Definitions

colophon

colophon

[kol-uh-fon, -fuhn]
colophon [Gr.,=finishing stroke]. Before the use of printing in Western Europe a manuscript often ended with a statement about the author, the scribe, or the illuminator. The first printed book to have a comparable concluding statement was the Mainz Psalter, crediting the printer and giving the date printed (1457) in its last paragraph. After this, a printed book commonly ended with this statement, now called a colophon. The information came to be given on the title page after c.1520. The name colophon is applied also to a printer's mark or a publisher's device on a title page or elsewhere.

(born circa 560, Colophon, Ionia—died circa 478 BC) Greek poet, religious thinker, and reputed precursor of philosophy of the Eleatics. Though some critics consider Parmenides the founder of the Eleatic school, Xenophanes' philosophy, which found expression primarily in the poetry he recited on his travels, probably anticipated Parmenides' views. Fragments of his epics reflect his contempt for anthropomorphism and for popular acceptance of Homeric mythology.

Learn more about Xenophanes of Colophon with a free trial on Britannica.com.

Colophon (Greek Κολοφών) was a city in the region of Lydia in antiquity dating from about the turn of the first millennium-BC. It was likely one the oldest of the twelve Ionian League cities, between Lebedos (120 stadia to the west) and Ephesus (to its south) and its ruins are in the eponymously named modern region of Ionia.

The city's name comes from the word κολοφών, 'summit', which is the origin of the bibliographic term 'colophon', in the metaphorical sense of a 'crowning touch', as it was sited along a ridgeline. The term "colophony" for rosin comes from the term colophonia resina, that is, resin from the pine trees of Colophon, which was highly valued for the strings of musical instruments.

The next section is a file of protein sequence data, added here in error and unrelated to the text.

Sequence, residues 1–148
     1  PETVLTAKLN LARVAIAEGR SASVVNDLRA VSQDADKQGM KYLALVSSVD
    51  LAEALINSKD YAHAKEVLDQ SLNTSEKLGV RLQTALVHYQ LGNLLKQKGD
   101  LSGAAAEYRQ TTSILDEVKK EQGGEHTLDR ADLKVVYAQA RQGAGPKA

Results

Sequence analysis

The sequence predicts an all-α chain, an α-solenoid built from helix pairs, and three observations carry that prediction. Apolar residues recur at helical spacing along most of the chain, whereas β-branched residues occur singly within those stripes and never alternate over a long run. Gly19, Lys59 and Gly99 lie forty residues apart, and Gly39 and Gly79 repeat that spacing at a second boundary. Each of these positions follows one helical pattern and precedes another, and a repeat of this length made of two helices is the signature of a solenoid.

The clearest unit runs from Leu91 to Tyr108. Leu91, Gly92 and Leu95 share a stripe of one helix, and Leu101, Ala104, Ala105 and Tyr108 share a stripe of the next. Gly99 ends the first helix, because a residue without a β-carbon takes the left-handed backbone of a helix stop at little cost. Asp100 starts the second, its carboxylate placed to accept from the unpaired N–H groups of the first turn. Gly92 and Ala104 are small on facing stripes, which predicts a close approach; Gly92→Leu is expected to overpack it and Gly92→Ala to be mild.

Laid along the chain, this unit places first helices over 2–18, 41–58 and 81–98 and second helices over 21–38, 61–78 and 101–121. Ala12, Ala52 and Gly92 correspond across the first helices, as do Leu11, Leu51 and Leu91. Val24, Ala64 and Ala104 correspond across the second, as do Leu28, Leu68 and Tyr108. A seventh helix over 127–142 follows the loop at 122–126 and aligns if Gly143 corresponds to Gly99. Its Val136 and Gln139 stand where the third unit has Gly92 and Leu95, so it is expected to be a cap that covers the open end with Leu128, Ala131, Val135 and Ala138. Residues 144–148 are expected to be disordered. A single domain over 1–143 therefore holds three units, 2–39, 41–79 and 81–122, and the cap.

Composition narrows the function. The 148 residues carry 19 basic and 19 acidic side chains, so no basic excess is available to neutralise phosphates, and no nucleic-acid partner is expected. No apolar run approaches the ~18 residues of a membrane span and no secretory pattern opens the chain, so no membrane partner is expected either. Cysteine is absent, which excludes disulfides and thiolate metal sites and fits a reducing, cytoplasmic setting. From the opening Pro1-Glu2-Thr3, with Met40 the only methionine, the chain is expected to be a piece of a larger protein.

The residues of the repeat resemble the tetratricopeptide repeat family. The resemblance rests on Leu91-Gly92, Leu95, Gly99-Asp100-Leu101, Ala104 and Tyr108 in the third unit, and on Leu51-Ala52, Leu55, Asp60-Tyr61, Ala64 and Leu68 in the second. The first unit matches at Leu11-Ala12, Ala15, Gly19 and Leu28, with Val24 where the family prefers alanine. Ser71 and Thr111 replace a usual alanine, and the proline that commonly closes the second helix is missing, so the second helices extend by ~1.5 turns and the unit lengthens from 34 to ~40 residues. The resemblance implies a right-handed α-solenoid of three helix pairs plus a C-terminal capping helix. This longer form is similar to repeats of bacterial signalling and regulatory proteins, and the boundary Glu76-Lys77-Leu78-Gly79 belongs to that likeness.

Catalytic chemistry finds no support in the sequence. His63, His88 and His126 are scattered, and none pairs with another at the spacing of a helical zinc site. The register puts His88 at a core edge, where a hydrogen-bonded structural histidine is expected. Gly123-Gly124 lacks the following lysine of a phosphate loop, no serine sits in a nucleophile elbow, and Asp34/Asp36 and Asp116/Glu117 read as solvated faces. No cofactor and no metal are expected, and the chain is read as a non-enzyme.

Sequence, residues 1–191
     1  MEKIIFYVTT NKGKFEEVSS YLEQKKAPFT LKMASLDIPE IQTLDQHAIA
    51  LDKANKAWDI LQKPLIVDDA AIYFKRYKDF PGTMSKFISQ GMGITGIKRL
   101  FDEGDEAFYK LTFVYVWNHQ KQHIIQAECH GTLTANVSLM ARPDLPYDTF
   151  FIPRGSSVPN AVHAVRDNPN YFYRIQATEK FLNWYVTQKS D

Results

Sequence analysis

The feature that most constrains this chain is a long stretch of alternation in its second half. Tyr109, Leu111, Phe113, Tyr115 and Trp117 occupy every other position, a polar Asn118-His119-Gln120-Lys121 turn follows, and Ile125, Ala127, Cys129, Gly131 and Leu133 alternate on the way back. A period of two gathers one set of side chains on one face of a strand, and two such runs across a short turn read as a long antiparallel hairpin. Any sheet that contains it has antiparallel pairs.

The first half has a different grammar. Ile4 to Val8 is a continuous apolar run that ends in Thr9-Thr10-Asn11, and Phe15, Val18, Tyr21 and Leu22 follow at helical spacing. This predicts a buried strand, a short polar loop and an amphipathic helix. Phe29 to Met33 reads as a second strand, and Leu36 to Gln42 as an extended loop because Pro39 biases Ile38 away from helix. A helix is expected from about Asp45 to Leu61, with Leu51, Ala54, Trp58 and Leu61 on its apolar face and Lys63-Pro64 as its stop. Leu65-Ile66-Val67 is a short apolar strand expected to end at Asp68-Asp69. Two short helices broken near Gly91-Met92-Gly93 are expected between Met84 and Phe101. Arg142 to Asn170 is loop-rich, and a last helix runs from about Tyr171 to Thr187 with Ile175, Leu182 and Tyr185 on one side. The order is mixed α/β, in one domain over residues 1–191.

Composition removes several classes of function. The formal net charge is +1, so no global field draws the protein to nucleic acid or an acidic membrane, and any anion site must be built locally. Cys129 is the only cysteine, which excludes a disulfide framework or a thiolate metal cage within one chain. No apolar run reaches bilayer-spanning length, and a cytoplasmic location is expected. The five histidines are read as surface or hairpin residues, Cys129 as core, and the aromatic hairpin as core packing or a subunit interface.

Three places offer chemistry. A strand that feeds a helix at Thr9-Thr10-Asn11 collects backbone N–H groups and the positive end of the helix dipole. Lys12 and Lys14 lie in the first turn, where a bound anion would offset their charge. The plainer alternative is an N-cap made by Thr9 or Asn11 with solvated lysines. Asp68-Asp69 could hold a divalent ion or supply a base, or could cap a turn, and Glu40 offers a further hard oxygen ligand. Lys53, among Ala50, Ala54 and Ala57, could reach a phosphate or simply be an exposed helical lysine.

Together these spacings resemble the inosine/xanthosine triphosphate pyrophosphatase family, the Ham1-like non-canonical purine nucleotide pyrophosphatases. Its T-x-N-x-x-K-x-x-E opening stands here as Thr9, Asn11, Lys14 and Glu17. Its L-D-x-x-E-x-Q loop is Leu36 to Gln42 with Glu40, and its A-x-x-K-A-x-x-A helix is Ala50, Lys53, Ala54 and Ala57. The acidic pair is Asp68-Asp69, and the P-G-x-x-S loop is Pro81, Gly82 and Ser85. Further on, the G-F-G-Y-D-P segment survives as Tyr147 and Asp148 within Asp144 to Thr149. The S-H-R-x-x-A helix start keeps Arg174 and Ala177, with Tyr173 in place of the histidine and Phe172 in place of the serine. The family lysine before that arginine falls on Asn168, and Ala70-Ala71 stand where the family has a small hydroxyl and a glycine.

The ruins of the city are at the Castro of Ghiaour-Keui, a minor village in the vilayet of Smyrna, kaza of Kuşadası.

Antiquity

In Greek antiquity two sons of Codrus, King of Athens, established a colony there. It was the birthplace of the philosopher Xenophanes and the poet Mimnermus. The cavalry of Colophon was renowned. In the third century-BC, it was destroyed by Lysimachus—a Macedonian officer, one of the successors (diadochus) of Alexander the Great, later a king (306 BCE) in Thrace and Asia Minor, during the same era when he nearly destroyed (and did depopulate by forced expulsion) the neighboring Ionian League city of Lebedos.

Notium served as the port, and in the neighbourhood was the village of Clarus, with its famous temple and oracle of Apollo Clarius, where Calchas vied with Mopsus in divinatory science.

In Roman times, after Lysimachus' conquest, Colophon failed to recover (unlike Lebedos) and lost its importance; actually, the name was transferred to the site of the port village of Notium, and the latter name disappeared between the Peloponnesian War and the time of Cicero (late 400s BC to 1st century BC).

Additionally, the city, as a major location on the Ionic mainland, was cited as a possible home or birthplace for Homer. In his True History, Lucian lists it as a possible birthplace along with the island of Khios and the city of Smyrna, though Lucian's Homer claims to be from Babylon.

Ecclesiastical history

The "Notitiae Episcopatuum" mentions Colophon or Colophone, as late as the twelfth or thirteenth century, as a suffragan of Ephesus. Lequien (I, 723) gives the names of only four bishops:

  • St. Sosthenes (I Cor., i, 1) and St. Tychicus (Tit., iii, 12) are merely legendary
  • Euthalius was present at the Council of Ephesus in 431
  • Alexander was alive in 451.

It is a titular see of Asia Minor.

Sources

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